Science journal Lancet blasts Trump's virus 'disaster', urges vote for change

Published October 30, 2020
US President Donald Trump delivers a speech during a tour of the Double Eagle Energy Oil Rig in Midland, Texas on July 29, 2020. — Reuters
US President Donald Trump delivers a speech during a tour of the Double Eagle Energy Oil Rig in Midland, Texas on July 29, 2020. — Reuters

The Lancet has become the latest science journal to urge Americans to vote for change in next week's presidential election, publishing a scathing editorial on Friday that described the United States pandemic response under Donald Trump as “disastrous”.

The medical journal did not explicitly back Democratic challenger Joe Biden in its commentary, focusing instead on the issues it said had hindered the US from adequately tackling the “greatest public health crisis in a century”.

It highlighted the country's “fraying social safety net, continual erosion of trust in the public sector, the perceived diminished responsibility of the federal government, and political interference with crucial public health apparatus” — particularly in the Centres for Disease Control and Prevention.

These issues, it said, “have culminated in the disastrous US response to the coronavirus pandemic”.

Trump's handling of the pandemic has been a key theme in the election campaign, with the president accused of undermining scientific institutions and spreading false information.

America is the world's worst-hit country, with 8.94 million cases, and on Thursday it announced a record number of new coronavirus cases, topping the grim milestone of more than 90,000 diagnoses in 24 hours.

The Lancet editorial said the US was experiencing a “continuing devaluation of science”, as well as a range of rights inequalities.

The Trump administration had rolled back protections for individuals, workers and the environment, it said, adding that the country had turned inwards, with the US' intended withdrawal from international agreements and agencies like the World Health Organisation.

“With so much loss and still more at stake, the 2020 presidential election is the opportune moment for the American electorate to embrace change for the better,” it said.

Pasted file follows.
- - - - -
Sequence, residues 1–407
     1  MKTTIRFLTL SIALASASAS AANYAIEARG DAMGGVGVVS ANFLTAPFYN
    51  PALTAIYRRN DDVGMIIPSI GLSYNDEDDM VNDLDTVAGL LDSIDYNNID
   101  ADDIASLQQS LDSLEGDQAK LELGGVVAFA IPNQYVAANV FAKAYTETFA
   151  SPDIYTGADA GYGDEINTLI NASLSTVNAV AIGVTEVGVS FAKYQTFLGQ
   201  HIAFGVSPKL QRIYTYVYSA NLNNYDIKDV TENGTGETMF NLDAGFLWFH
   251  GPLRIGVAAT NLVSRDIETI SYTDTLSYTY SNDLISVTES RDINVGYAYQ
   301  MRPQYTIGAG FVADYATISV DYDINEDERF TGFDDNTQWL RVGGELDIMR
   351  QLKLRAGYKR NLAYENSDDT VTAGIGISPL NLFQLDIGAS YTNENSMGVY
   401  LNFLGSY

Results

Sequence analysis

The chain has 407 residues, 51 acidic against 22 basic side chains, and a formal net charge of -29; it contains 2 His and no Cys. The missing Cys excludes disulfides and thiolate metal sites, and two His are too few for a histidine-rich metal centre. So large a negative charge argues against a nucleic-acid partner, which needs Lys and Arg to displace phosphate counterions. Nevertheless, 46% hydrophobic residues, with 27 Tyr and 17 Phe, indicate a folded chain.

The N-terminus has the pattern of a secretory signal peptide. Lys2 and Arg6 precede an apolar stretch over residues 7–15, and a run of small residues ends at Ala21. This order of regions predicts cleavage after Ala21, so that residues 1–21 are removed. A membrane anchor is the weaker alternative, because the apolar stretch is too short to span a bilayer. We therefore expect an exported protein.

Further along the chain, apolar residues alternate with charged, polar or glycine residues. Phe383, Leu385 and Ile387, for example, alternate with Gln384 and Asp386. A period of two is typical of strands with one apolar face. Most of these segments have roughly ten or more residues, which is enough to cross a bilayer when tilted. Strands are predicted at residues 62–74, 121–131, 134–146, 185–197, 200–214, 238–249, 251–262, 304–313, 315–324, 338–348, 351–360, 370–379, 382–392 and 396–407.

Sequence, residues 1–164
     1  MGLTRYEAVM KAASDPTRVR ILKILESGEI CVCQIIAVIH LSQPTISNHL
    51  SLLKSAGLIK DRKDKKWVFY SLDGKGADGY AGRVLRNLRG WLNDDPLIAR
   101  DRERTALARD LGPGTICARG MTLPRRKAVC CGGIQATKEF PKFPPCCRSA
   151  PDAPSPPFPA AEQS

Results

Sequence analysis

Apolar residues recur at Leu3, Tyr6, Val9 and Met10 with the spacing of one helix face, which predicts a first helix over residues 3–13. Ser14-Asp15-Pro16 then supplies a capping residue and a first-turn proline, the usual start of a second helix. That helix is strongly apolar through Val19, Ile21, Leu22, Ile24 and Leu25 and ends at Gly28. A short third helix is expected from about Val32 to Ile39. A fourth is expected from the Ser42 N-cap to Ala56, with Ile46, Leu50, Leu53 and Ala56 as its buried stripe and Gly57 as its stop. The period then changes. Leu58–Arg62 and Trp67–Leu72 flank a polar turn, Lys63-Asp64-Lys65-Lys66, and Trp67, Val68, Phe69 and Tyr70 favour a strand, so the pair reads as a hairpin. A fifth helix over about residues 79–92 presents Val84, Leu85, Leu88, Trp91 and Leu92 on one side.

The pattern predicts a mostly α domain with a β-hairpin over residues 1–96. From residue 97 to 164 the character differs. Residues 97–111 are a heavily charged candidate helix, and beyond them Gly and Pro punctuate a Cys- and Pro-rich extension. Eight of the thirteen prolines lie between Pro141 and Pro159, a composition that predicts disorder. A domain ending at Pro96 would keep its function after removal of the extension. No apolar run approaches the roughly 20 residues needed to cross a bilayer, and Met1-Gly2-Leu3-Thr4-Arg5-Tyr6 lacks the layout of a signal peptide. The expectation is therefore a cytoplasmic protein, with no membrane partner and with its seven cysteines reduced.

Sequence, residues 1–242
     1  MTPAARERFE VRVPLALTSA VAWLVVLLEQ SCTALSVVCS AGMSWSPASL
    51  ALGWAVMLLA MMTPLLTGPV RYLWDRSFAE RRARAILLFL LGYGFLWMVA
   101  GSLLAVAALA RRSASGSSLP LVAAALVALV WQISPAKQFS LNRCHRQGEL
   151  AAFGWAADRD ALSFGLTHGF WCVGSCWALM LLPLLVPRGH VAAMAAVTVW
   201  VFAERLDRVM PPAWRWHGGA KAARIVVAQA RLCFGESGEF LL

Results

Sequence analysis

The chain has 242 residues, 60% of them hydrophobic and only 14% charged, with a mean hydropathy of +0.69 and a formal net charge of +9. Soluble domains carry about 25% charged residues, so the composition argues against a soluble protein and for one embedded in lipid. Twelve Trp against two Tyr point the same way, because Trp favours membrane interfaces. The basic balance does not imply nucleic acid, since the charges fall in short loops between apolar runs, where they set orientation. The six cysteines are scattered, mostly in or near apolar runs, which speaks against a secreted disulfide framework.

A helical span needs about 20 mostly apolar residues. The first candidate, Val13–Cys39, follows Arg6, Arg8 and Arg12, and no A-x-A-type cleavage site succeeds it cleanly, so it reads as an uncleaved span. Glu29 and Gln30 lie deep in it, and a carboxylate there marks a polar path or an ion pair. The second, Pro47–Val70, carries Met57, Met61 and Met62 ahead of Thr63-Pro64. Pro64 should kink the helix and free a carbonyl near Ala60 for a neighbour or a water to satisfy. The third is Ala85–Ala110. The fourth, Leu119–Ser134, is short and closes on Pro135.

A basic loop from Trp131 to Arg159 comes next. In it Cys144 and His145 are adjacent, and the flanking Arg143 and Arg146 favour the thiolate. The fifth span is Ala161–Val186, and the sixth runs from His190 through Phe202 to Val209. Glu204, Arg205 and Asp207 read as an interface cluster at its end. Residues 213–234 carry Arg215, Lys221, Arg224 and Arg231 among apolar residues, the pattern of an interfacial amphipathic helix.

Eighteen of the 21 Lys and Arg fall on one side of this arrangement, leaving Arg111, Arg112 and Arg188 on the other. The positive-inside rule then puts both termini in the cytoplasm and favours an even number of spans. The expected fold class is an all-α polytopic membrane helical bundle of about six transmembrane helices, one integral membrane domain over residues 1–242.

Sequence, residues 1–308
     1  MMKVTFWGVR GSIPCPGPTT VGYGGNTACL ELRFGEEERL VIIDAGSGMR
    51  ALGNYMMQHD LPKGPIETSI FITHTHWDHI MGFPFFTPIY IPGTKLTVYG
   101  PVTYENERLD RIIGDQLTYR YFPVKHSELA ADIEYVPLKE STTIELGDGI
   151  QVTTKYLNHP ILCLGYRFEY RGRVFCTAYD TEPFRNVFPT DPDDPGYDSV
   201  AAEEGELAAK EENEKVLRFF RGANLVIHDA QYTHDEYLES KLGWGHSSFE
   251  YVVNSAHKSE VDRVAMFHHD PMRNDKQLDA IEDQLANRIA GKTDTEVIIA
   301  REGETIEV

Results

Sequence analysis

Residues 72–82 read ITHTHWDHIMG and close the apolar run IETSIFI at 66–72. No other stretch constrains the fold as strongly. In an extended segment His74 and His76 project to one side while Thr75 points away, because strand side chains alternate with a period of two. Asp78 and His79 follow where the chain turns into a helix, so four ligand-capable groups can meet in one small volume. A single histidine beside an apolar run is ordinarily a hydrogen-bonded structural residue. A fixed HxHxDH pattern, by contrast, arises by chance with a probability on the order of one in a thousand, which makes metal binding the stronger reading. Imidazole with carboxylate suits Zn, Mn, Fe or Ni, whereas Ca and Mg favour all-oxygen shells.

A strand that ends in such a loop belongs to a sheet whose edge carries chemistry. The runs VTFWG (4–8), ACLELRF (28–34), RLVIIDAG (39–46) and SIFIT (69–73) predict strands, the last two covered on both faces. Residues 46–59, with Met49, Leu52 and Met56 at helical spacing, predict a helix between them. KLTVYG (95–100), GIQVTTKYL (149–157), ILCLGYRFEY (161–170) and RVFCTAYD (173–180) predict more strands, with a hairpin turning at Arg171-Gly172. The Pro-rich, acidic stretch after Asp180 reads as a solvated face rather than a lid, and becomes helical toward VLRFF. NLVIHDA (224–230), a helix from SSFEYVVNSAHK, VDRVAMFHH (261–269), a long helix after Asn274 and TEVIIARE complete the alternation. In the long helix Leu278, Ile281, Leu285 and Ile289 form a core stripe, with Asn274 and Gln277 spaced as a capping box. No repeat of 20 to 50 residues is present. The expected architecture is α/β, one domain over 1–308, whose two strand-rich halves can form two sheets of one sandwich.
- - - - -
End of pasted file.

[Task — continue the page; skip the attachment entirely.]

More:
It urged voters to “reject the stagnancy of complacency, to exchange a view bereft of intention with a vision of progress, and to rejoin the global community in the pursuit of a more equitable and sustainable future”.

'Astonishing' failure

Several other major scientific publications have issued caustic assessments of Trump's legacy on health and science in the weeks leading up to the November 3 polls.

Earlier this month the journal Nature, one of the world's most prestigious scientific publications, said it was backing Biden for US president.

Its editorial said “no US president in recent history has so relentlessly attacked and undermined” vital institutions such as scientific agencies, the Department of Justice and the electoral system itself.

It excoriated Trump for pulling out of the 2015 Paris climate accord and the Iran nuclear deal, as well as for his attacks on the WHO — something it labelled “unthinkable during a pandemic”.

Earlier in the month, the New England Journal of Medicine slammed the US' “astonishing” failure to bring Covid-19 cases and deaths under control, but stopped short of explicitly endorsing Biden in next month's election.

But the election has caused other publications to break with tradition and endorse a White House candidate.

Last month, for the first time in its 175-year history, US magazine Scientific American endorsed a candidate, saying it was opting for Biden.

“We do not do this lightly,” the editors wrote in a sulphuric anti-Trump editorial published online for the magazine's October issue.

“The evidence and the science show that Donald Trump has badly damaged the US and its people — because he rejects evidence and science,” they wrote.



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